My first reaction: I stayed up too late. Where the f**k is my COFFEE?!
Okay, sorry about that. I'm edgy.
I live-blogged most of the states here, in case you want to see my play-by-play.
What a night, right? What I initially thought would be a Super Tuesday Sweep for Mitt Romney turned out to be a kind-of-sweep for Romney.
Mitt Romney won the bulk of the states; Alaska, Idaho, Massachusetts, Vermont, Virginia, and a narrow victory in Ohio. Rick Santorum captured Oklahoma, North Dakota, and Tennessee. Newt Gingrich won only his "home-state" of Georgia. Ron Paul did not win any states, but did pick up about 23 delegates last night.
The over-arching meme today will be that Santorum really took a bite out of Romney's momentum. The squeaker in Ohio has many-a-liberal screeching with glee, whilst many-a-conservative pulling at the collar of their shirt.
Our in-house, ever-faithful Mitt Romney supporter texted me first thing this morning regarding the Ohio results:
Holy crap that was too closeClose. Indeed.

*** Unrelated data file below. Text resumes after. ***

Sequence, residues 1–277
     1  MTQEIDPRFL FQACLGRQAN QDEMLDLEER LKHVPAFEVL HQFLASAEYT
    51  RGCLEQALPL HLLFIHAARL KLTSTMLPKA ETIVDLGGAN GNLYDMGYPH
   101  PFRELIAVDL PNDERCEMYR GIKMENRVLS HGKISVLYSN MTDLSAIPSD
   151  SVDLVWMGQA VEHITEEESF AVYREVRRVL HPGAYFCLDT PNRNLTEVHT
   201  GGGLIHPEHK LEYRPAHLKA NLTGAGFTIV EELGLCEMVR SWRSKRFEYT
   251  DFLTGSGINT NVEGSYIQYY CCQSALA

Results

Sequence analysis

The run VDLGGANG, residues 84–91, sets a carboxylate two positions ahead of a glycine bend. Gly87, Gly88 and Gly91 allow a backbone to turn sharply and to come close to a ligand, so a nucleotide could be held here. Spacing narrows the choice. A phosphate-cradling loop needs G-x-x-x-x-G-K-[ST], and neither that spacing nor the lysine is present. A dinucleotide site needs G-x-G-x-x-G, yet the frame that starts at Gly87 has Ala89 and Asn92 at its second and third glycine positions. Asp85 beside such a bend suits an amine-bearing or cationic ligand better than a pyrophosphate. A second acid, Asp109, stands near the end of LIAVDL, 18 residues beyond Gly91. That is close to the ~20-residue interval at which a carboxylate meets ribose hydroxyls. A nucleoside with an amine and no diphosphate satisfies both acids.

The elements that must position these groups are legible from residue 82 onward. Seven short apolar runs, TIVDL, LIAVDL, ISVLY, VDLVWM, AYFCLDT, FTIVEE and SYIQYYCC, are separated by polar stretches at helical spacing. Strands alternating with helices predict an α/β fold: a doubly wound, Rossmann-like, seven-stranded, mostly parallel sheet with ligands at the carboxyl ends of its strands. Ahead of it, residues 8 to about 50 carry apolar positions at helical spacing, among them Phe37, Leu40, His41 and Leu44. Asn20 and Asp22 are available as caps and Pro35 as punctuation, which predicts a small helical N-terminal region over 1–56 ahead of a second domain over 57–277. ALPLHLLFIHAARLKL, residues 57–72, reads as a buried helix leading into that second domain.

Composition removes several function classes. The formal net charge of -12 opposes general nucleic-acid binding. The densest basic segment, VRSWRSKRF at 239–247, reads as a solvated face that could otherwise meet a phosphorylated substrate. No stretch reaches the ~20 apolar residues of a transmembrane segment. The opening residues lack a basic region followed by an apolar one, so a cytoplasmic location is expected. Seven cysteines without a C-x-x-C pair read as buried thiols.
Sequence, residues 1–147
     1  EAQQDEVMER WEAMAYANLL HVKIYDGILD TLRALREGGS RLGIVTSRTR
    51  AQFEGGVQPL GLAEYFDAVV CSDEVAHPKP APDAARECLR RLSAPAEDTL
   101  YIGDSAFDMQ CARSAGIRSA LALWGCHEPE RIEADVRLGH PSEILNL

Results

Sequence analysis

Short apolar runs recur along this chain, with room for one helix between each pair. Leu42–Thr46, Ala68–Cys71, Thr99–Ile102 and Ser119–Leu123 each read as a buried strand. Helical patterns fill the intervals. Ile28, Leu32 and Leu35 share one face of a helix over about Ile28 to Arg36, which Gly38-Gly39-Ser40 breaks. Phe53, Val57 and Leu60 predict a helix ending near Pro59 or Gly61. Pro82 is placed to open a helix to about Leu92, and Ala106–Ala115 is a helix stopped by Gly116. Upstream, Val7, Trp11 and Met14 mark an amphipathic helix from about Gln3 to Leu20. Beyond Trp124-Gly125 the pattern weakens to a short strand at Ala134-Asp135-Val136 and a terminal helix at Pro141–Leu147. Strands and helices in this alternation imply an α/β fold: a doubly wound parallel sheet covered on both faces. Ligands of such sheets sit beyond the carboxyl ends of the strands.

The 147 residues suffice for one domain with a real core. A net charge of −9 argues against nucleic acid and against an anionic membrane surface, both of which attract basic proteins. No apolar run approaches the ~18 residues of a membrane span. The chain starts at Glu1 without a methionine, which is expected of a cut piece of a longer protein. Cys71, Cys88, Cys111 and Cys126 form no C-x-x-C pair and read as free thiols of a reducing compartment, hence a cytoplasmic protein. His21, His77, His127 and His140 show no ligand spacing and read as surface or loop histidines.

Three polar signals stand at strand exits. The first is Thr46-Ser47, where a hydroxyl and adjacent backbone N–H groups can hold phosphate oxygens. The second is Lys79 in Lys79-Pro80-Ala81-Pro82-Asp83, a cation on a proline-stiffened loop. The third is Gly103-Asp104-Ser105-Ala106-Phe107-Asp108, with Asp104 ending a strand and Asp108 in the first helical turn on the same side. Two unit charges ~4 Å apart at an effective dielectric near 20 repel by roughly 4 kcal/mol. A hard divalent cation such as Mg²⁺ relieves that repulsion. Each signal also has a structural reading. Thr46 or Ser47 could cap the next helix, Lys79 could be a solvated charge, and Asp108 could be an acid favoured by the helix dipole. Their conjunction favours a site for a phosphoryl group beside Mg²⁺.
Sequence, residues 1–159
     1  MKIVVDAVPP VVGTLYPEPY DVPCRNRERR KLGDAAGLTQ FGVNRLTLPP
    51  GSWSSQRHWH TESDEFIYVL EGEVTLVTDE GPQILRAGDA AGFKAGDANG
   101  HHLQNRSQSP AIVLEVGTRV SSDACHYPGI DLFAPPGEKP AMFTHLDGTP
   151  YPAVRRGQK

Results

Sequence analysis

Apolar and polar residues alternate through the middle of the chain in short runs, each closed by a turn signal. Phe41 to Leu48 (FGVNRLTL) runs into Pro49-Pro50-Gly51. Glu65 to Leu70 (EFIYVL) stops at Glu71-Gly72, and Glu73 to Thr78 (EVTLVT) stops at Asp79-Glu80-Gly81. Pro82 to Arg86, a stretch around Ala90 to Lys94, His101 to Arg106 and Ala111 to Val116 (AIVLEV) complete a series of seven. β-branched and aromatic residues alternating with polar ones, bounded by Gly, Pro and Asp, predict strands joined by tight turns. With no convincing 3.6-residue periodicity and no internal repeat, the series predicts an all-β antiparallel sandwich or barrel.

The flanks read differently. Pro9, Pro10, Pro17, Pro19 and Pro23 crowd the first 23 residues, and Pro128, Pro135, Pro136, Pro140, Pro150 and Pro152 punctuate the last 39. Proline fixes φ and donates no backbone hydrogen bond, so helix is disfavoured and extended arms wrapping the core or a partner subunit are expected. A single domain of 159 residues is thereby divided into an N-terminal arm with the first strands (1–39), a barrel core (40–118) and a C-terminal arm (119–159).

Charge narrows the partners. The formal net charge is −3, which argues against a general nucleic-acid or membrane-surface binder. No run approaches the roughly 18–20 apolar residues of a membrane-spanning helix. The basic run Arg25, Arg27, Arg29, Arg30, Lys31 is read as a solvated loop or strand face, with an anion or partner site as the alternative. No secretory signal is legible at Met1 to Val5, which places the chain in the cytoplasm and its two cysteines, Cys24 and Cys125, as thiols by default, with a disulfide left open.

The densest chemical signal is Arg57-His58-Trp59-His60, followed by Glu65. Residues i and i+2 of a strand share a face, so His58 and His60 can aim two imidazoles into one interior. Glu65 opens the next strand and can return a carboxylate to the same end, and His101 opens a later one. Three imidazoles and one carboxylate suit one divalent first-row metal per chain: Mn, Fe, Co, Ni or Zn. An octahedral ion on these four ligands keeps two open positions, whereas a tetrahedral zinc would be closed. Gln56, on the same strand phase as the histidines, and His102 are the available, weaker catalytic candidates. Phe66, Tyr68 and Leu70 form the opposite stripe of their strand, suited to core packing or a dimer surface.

Look, I think that Mitt Romney has this thing locked-up. I don't see any delegate math that shows Santorum (or, Gingrich or Paul for that matter) winning the nomination.
That said, I also think that Romney is having difficulty with getting the Republican base -- particularly in sourthern states -- excited. Last night Romney lost Tennessee -- which on it's face isn't news. Santorum played well there. But Tennessee is not a die-hard, deep south red state like Alabama or Mississippi -- and Romney lost Tennessee by nearly 10 percentage points. That does not bode well for the former Governor of Massachusetts going into the Bible Belt south.
Santorum, on the other hand, should be feeling good today. Sure, he didn't win Ohio -- which seemed to be the only contest about which the pundits were concerned -- but he did get a very strong silver medal there. This, in addition to his other wins in Tennessee (see above comments), Oklahoma and North Dakota. I think that Santorum's campaign is probably feeling something of a boost, especially given that the next primary contests are in states where his Evangelical message will play very strongly.
Newt Gingrich won his home state, and gave a very self-centered speech to his supporters, but my guess is that Gingrich will bow out of the race in the next seven-to-ten days. I cannot see him continuing to hang on much longer.
Ron Paul will stick it out as long as he and his campaign can afford to do so (ahem). Remember, I don't think that Paul's goal is to win the nomination...